I go away for a week and the bees go mad.
I don’t mean so mad that they put their honey in a pot for me – only that they seem to have filled up the hive to the top, probably with rape. And this despite them being a new swarm, in place only since late May. That’s 13 kg of honey (err, with wax mixed in of course, since the frames in the top super were foundationless, because I was in a hurry. They did not put their own comb neatly in rows).
Also while we were away the houseleeks have come out into full flower, even better than last year.
That one is unadjusted, but not really true colour. This one is adjusted and closer to eye.
And lastly, we were in the Stubai again. Sulzenauhutte to Innsbrucker Hutte this time. Some decent days but an awful lot of snow. Here’s the view down to the Blau Lacke and beyond the Sulzenauhutte (just visible nearly center) from half way up the so-called “Aperer Freiger”, “aperer” being a name sometimes given to the lower peaks off main summits (the main summit in this group being the Wilder Freiger). I’d assumed, in previous years, that it meant “lower” but it turns out to mean “snow free”, which fits with being lower of course.
The Economist has a Special Report on “The melting north” (hopefully that works for you, I have a subscription so I’m not sure if its behind their paywall or not).
And what it says –
A heat map of the world, colour-coded for temperature change, shows the Arctic in sizzling maroon. Since 1951 it has warmed roughly twice as much as the global average. In that period the temperature in Greenland has gone up by 1.5°C, compared with around 0.7°C globally. This disparity is expected to continue. A 2°C increase in global temperatures—which appears inevitable as greenhouse-gas emissions soar—would mean Arctic warming of 3-6°C. Almost all Arctic glaciers have receded. The area of Arctic land covered by snow in early summer has shrunk by almost a fifth since 1966. But it is the Arctic Ocean that is most changed. In the 1970s, 80s and 90s the minimum extent of polar pack ice fell by around 8% per decade. Then, in 2007, the sea ice crashed, melting to a summer minimum of 4.3m sq km (1.7m square miles), close to half the average for the 1960s and 24% below the previous minimum, set in 2005… There is no serious doubt about the basic cause of the warming. It is, in the Arctic as everywhere, the result of an increase in heat-trapping atmospheric gases, mainly carbon dioxide released when fossil fuels are burned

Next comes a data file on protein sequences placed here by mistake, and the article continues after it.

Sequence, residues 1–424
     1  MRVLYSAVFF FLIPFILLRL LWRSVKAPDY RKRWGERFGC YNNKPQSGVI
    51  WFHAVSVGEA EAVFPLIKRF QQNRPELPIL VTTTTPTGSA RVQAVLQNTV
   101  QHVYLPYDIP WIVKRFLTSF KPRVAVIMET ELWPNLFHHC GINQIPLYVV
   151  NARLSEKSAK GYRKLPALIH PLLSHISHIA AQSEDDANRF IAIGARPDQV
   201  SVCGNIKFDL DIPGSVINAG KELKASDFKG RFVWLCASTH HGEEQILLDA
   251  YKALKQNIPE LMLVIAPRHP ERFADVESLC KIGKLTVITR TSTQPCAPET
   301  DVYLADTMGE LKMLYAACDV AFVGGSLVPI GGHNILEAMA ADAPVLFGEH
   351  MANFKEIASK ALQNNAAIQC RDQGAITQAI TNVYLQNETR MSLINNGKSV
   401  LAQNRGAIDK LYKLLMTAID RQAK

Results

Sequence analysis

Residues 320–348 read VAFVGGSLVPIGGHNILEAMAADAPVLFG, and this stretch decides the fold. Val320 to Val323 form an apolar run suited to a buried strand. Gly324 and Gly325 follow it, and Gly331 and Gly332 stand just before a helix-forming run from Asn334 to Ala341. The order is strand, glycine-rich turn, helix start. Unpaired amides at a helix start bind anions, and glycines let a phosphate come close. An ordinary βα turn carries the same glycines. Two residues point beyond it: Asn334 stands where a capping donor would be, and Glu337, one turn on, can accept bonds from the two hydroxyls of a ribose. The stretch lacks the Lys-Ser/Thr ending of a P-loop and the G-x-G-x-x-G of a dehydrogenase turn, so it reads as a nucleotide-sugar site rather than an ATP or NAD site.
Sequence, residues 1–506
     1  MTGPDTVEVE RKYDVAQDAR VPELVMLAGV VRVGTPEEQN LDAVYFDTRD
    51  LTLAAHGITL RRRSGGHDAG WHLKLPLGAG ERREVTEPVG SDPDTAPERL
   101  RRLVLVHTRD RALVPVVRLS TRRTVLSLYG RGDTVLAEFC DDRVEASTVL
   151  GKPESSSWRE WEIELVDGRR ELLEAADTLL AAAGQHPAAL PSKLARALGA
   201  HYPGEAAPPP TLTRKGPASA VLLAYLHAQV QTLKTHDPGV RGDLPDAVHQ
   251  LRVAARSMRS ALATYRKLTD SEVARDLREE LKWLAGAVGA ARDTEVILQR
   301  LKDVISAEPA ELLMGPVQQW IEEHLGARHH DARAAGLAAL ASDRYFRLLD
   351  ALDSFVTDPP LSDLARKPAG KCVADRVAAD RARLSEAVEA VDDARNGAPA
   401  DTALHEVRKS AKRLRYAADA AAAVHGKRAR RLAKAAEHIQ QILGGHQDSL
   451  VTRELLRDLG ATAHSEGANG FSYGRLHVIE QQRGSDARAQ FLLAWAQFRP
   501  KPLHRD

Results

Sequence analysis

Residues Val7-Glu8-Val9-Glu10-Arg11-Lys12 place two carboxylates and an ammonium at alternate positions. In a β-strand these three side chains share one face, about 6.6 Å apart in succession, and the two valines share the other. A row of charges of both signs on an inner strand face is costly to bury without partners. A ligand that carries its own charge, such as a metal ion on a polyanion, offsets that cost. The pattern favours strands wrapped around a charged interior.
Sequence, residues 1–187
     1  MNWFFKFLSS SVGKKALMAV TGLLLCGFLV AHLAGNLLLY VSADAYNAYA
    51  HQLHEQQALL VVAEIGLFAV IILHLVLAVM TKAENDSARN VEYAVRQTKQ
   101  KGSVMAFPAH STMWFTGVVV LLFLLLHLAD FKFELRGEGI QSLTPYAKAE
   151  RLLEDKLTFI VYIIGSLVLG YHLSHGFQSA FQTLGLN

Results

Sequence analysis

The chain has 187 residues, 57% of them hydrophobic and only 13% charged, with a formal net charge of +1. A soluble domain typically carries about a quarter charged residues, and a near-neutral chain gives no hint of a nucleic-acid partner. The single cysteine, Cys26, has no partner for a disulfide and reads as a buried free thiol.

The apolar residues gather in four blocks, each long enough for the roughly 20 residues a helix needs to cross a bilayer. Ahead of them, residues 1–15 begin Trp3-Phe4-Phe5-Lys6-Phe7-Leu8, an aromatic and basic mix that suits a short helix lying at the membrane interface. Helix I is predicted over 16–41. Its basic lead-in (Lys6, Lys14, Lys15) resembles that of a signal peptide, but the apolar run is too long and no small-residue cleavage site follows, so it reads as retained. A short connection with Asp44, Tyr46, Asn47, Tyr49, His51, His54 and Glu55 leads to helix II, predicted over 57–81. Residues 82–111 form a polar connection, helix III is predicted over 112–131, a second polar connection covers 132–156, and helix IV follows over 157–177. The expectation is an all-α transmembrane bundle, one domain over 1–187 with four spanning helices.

– is not desperately exciting for anyone who has been paying attention. What is interesting is that there isn’t even the smallest sop to the deniers in there. The sea ice record is taken for, well, for exactly what it is. There are no stupid quibbles about the temperature record. No-one wastes their time asking Lindzen or Spencer what they think of the trends, and no-one proposes that “its the sun” or space aliens or whatever.
Of course, the Economist (the clue is in the name) is also interested in other matters, so it looks at the possibilities of shorter shipping routes, and expansion of farmland. But ends with:
Yet how to reconcile the environmental risks of the melting Arctic with the economic opportunities it will present? The shrinkage of the sea ice is no less a result of human hands than the ploughing of the prairies. It might even turn out as lucrative. But the costs will also be huge. Unique ecosystems, and perhaps many species, will be lost in a tide of environmental change. The cause is global pollution, and the risks it carries are likewise global. The Arctic, no longer distant or inviolable, has emerged, almost overnight, as a powerful symbol of the age of man.
* A short walk in the Stubai: day 2: Aperer Turm
Did you miss me? I’ve been to the Stubai, again. There will be a travelogue over there.
* A short walk in the Stubai: day 2: Aperer Turm
I don’t think I mentioned that last summer we dragged the kids off to the Stubai (Franz Senn and Sulzenau), and they liked it enough that we did it again this year (FSH and Neue Regensburger). Stuff from that when I have time, but in the meantime I know I *have* mentionned my shiny new GPS watch which I took with me. And here is one result (Westliche Seespitze from the Neue Regensburger Hutte):
Cutesy, eh? Note that the embed is a bit stupid, so you’ll have to click on “satellite” to see stuff, and then zoom in on the peak for the most interesting stuff. But I wish I’d known the shape of the peak from above before I climbed it.
More on using the watch (Garmin Forerunner 110):
* the battery doesn’t last too well. I seemed to get not much more than 5h from it when fully charged, and less than 4h if I didn’t take care to charge it, which isn’t good for mountaineering. It needs some kind of “occaisional” mode to cope with slower sports.
* not having a height indicator as-you-go is really annoying. Co-ords would be nice too (though hard to use) but no height is bad.
* otherwise, it still Just Works and is convenient and lightweight. And the alarm was good for waking me up for breakfast.
* links to old pix
* Diary stuff from 2001 that I forgot to link to before
* de.wiki article
* Rowing and Running (again)
In 2001 I had the chance to visit the Stubai for a couple of days at the start and in the middle of a conference in Innsbruck. It was wonderful, and I didn’t kill myself. I’ve finally uploaded the pix; see flickr if you’re interested.
The mountains are great for either solo’ing, or an easy introduction. And the huts are splendid too. And not all the people look as silly as that, though a beret is remarkably practical.
Miriam and Miranda forced me to shave the beard off, eventually.